Below Venus's toxic clouds of sulfuric acid is an apocalyptic world, with temperatures hot enough to melt lead and pressures that could crush heavy machinery. But it might not always have been so.


In 2016 Michael Way of NASA's Goddard Institute for Space Studies and his colleagues applied the first three-dimensional climate model to early Venus. They found it could once have been so temperate that liquid water pooled in vast oceans—the key to life as we know it. Now Way and Anthony Del Genio, also at Goddard, have developed a framework for the planet's evolution based on more complex data that incorporates various topographies and different amounts of sunlight. Their study, published in May in the Journal of Geophysical Research: Planets, puts forward a new explanation for how Venus could have remained habitable for nearly three billion years before morphing into today's blistering hellscape.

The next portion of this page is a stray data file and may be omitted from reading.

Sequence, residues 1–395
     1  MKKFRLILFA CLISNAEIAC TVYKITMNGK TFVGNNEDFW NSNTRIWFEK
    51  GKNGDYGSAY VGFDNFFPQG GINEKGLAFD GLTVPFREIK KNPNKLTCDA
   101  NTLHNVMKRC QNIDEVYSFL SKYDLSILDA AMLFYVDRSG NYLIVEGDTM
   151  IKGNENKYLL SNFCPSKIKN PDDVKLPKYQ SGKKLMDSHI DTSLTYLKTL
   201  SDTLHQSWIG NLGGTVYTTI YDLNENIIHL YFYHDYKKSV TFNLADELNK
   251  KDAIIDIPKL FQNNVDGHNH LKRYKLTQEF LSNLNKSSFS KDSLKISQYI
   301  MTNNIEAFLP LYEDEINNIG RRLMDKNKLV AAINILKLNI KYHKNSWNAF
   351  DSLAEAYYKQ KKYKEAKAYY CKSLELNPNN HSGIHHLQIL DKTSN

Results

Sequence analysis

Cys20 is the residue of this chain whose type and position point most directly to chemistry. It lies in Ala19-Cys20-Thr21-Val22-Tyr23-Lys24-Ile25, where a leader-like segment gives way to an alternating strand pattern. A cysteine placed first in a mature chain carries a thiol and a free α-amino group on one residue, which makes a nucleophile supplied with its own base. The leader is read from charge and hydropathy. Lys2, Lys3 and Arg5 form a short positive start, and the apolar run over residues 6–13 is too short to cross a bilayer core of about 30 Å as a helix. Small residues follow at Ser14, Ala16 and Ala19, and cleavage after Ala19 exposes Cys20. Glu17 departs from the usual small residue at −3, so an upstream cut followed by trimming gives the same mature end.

To read more, click here.